The lumber output approximated over

100,000 board feet daily.

a a

A

10'f0

increase was noted in poultry numbers.

Organization of teed buying cooperative, purchasing n1U1. ble saving for members.

An teed in increase in lO-ton turkey lots, has numbers proved over last rear 18 a.sured.

Producers haTe little trouble in finding a ready market.

Turn-out; remains on a parity but the dairymen are expeoted to redile le8.

teat. about protit this year than last.

The average quart ot milk

4% butterfat, and better bulls seem to be the factor in procmoing a higher type ot daiey cattle.

A late spring troat wiped out mOlt of the home orchards' truits but also gaTe the promise of olean fruit next year by virtue ot starTing codling moth.

Specialist.' trips throughout the count1 stimulated heme gardening.

-25-

Despite

the fact that all county-wide meetings were canceled tor the year,

'4-H club enrollment was increased.

Cattle, rabbits, poultry, and swine bave all shown improvement but gardening exceeds all in total value for 4-H members.

Feed

Shortage accounts tor a hike in importance of alfalfa and other hay.

Beans, squash, and corn rains.

About 75 per cent of the responded favorably county's hay must be to the imported.

summer

There were considerable plant diseases but none resulted in any complete crop destructions.

Specialist Roney rendered valuable assist­ ance in differentiating between insect injury and plant diseases.

There is much to be desired on the

It still f'ollows the pioneers t county's irrigation praotices.

conception of big heads

(4-8

second feet), long runs, steep land

..

and frequent intervals

which is consi dered bad irrigation practice.

Much educational work lies ahead in this field.

Low rainfall and considerable erosion from winds during dry seasons bave resulted in less productiveness of the range lands, prin­ cipal areas tor cattle and sheep grazing.

Grazing commands about

85%

of' the land space in the been county.

A few revegetation practices have attempted, but with little sucoess.

Fencing and stock water

developaent

has aided greatly in handling of stock.

Sheep business prospera with fenced allotments for ranges and better breeding stock in use.

War has brought lumbering to the tore in the county.

Eight or

Dine aawmdlls are now in operation.

care an

Summer vacationists have to cater to guests with provided a diversion for ranchers who

"dude ranches."

This has developed into interesting and profitable sidelight for some.

Big game hunting has also beoome a.

major interest.

Antelope, bear.. deer.

turkey and mountain lion rrB.y be hunted ,in the c ouney' s wilderness and attractiveness ot hunting has lured many outsiders to

Ban.jo County, which has proven commercially important.

Pima

County

Despite interruptions trom the demands of war servioes, the regular lines or extension work have been maintained in some degree.

Experimental work and field tests for the development of a aatbfaotory variety of' yellow corn tor irrigated valleys was con­ tinued.

Several hundred acres of MAriout barley were planted and good

71-ld, were seoured.

Legumes are not proving sathfaotory 8011 builders.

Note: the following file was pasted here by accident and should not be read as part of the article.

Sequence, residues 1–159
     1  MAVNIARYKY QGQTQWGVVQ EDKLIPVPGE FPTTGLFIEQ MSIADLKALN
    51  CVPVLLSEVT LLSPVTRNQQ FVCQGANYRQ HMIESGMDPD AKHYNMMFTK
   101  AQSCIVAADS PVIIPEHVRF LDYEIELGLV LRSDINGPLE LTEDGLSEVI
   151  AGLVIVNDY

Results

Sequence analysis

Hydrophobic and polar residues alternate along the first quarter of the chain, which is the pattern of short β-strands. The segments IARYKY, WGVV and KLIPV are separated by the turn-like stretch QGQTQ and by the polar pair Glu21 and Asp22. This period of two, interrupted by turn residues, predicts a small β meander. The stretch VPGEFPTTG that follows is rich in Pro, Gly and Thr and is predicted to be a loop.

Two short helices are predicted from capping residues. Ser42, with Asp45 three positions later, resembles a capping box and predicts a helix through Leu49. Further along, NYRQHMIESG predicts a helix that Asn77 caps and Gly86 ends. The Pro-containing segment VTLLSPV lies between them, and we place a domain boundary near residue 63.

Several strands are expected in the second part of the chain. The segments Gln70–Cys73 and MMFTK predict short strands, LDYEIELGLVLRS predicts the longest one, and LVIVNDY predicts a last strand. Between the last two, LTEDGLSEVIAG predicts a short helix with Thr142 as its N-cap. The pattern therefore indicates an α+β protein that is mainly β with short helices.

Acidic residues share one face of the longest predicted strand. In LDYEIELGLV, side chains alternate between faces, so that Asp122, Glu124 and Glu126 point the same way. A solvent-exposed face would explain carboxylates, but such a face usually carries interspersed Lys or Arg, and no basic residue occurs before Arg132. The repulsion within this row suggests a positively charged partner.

Alfalfa aoreage will be greatly increased next year.

-26-

There is considerable interest in

Atter five permanent grass pastures.

years' experimenting to find species of grass and browse plants to serve economically on range land needing revegetation, only

African love grass and eragrostis chloremelas have shown much promise.

Guar has shown that it can be condi ti ons

• produced well under severe d,rought

Planting of Coker Wild cotton has increased fram 100 to 830 acres.

Hew Mexico Acala plantings were, with one exception. disappointing.

Tests showed that stand, irrigation, and cultural practices are the most important factors affeoting yield

Cotton i8 classing out very good.

rather than commercial fertilizer.

There was little rust

..

so anti-rust methods could not be resulted in unifor-m appraised.

Cotton irrigation test on tight land growth ot SIP cotton.

sp

There were approximately

10,000 victory gardens with the ecialising in tona toes.

Some

3,000 had year-round gardens.

majority

,Root knot and nematode disease were the most serious among plauts.

Others included black rot of cabbage, mildew or squash, and tomato yellows.

Greatest insect trouble came from soldier

beetles,

blister beetles, squash vine borer, crickets, grasshoppers, darkling ground beetles, corn bill bug, aphis, white fly, grape leaf hopper, grape leaf skeletonizer, flea beetles, and corn ear worm.

Rose finch, oriole, and flicker and Harris

Woodpeckers proved serious bird pests around home orchards.

There is no control method.

satisfactory ence to

I.Dd the

Pullorum and flock selection testing has been applied in reter­ poultry raising.

Assistance has been given in poultry teeding, growing of green natter. has been stronglY' recommended.

Rabbit ot the meat has raising has increased to a point where 125,000 pounds been produced in a year in the county.

Assistance was given farmers and ranohers in irrigation plans for

1,175 acres during the year.

preparing field

The Pima Soil Conservation District was organized with 145 owners representing acreage or

14,000.

Wild Ufe census shows

25 species representing 35,403 individuals.

the

The labor problem was luocesatully combated in the area through agent's oftice.

Pdson for rodent control met with taTOrable results

.'pecia rabies

111'

.Ln the Vi ctory

Garden program.

An effort to stamp out the epidtlJlio in the Tucson area was instituted with the inauguration at a coyote control program.

-27was

Securing secured cotton through pickers

Italian war was the biggest prisoners, labor

Mexican problem.

Nationals,

This and local and out-of-state bands.

The office placed a total of

1,047 laborers.

were